Who's your favorite Scandinavian thriller writer?
Series fans are a devoted bunch, following their favorite characters through adventure after adventure and sending new installments to the top of bestseller lists. But what to do while you're waiting for the next book?
In the spirit of book fortunes, here are mystery series recommendations based on taste, from cozies to police procedurals to Nordic noir. In each case, we take a wildly popular series and offer a few suggestions for series that are newer or lesser known.
If you like the forensic technology in Patricia Cornwell's Kay Scarpetta series, try . . .
• The Dr. Claire Waters series by Neal Baer and Jonathan Green, starring forensic psychiatrist Claire Waters and NYPD detective Nick Lawler. Book #1, Kill Switch, is a break-neck story about a serial killer's rampage.
• Jefferson Bass's Body Farm series, starring forensic anthropologist Dr. Bill Brockton. Whodunit columnist Bruce Tierney called the most recent installment, The Inquisitor's Key, "highly original."
• Andrea Kane's Forensic Instincts series, about a crew of experts "working just a smidgeon outside the law" who solve near-impossible crimes.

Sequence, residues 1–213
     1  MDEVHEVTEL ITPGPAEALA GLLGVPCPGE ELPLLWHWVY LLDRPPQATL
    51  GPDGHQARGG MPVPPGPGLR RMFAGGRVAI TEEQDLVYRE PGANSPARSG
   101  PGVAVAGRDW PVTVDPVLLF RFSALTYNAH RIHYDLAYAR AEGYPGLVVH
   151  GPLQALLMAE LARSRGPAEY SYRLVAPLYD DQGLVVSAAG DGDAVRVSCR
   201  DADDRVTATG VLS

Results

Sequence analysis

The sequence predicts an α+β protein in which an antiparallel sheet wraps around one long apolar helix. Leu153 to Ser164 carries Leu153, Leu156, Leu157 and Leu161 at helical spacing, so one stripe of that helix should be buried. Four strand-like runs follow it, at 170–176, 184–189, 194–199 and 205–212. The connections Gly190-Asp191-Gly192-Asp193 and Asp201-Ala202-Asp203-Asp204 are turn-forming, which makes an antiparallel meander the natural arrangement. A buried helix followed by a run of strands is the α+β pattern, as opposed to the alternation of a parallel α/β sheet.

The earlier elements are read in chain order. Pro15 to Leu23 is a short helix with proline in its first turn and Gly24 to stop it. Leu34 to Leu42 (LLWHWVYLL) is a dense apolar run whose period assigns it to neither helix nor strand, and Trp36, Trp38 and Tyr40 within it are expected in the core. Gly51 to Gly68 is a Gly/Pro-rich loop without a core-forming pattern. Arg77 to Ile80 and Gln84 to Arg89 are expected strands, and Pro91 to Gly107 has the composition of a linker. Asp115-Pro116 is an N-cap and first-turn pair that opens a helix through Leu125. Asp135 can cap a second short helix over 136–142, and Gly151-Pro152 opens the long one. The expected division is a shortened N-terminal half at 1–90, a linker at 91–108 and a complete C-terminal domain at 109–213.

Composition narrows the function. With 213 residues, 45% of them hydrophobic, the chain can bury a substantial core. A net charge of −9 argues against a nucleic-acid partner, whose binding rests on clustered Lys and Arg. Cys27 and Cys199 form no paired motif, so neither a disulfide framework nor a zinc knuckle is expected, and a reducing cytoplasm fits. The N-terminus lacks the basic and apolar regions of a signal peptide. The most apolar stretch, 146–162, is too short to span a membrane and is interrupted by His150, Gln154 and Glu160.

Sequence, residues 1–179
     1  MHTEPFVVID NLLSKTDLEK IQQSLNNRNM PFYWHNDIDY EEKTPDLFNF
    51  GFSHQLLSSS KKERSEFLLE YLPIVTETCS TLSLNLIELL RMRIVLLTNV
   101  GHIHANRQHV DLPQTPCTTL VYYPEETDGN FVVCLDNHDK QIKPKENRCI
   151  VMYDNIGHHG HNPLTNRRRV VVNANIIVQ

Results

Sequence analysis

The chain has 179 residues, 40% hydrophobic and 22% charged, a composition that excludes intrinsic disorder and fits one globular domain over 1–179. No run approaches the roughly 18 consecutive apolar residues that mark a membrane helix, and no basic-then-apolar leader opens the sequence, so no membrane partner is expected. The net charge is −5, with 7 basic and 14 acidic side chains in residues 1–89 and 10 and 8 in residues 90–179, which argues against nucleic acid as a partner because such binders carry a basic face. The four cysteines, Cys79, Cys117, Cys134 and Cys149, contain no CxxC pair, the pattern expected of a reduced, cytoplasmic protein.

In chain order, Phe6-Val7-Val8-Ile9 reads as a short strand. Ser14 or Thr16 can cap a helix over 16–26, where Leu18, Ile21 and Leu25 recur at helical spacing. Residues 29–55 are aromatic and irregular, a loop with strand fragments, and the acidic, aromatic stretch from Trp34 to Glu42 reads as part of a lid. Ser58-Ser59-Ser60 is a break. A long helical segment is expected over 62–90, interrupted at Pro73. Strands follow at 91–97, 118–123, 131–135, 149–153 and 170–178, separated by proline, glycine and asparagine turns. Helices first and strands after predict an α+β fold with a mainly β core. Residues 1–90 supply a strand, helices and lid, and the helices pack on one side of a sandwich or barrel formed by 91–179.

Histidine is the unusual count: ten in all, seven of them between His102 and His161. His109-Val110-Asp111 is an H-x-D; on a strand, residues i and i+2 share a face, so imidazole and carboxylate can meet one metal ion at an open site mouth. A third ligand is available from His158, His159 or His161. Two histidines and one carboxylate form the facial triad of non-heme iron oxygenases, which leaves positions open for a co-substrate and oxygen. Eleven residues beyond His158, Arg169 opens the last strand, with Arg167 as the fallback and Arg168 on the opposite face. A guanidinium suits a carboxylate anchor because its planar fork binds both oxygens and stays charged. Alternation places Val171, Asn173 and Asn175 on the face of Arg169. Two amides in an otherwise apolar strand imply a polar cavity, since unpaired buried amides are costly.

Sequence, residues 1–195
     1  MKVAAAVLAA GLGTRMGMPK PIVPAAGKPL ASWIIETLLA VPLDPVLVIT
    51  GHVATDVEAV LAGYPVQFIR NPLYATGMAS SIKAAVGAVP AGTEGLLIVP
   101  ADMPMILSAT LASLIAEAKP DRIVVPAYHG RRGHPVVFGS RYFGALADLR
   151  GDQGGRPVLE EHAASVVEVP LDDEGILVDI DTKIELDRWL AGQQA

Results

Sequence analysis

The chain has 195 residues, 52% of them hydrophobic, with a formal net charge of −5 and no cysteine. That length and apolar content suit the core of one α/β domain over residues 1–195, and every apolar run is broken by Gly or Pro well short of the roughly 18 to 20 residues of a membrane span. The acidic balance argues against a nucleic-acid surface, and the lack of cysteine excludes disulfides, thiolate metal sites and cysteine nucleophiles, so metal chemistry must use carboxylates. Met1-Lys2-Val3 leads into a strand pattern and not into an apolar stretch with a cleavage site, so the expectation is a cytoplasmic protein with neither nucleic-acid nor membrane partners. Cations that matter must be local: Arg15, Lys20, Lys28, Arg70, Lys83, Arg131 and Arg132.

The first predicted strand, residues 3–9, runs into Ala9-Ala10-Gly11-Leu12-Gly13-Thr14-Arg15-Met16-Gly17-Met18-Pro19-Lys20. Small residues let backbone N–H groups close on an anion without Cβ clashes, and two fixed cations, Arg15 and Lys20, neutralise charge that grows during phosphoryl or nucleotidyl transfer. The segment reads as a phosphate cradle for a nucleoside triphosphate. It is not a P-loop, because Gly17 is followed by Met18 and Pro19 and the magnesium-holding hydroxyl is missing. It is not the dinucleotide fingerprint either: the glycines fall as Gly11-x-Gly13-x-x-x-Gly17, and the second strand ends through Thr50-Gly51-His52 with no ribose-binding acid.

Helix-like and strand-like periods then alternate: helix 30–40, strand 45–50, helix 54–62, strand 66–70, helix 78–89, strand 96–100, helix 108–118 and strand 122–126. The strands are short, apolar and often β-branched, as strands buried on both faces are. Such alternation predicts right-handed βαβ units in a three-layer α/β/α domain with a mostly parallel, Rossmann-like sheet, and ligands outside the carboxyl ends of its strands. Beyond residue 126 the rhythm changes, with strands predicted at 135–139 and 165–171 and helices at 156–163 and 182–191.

If you like Michael Connelly's police procedurals about LAPD detective Harry Bosch, try . . .
• The brand-new Bell Elkins series by Julia Keller, which focuses on the prosecuting attorney in a small town in West Virginia. We loved book #1, A Killing in the Hills, which starts with a bang when three men are murdered in a coffee shop.
• Owen Laukkanen's Stevens and Windermere series, about an FBI special agent and a Minnesota state investigator. Book #2, Criminal Investigator, comes out on March 21, 2013.
If you like Elizabeth George's series about Scotland Yard Inspector Thomas Lynley, try . . .
• Louise Penny's Canadian whodunits about Chief Inspector Gamache and his homicide department in Quebec. The latest installment, The Beautiful Mystery, is out this month.
• The excellent police procedurals about the Dublin Murder Squad by Tana French. We loved #4, Broken Harbor—our Top Pick in Fiction for August.
If you like Lilian Jackson Braun's lighthearted "The Cat Who" series of cozy mysteries, try . . .
If you like Sue Grafton's books starring feisty sleuth Kinsey Milhone, try . . .
• Laura Levine's series about wisecracking detective Jaine Austen. We liked Pampered to Death, a clever sendup of health spas. (The victim is strangled with spa-healthy kelp!) Look for Death of A Neighborhood Witch in September.
• Kate White's Bailey Weggins mysteries, about a "smart, savvy, sexy" amateur sleuth.
If you like Stieg Larsson's edgy Millennium Trilogy, try . . .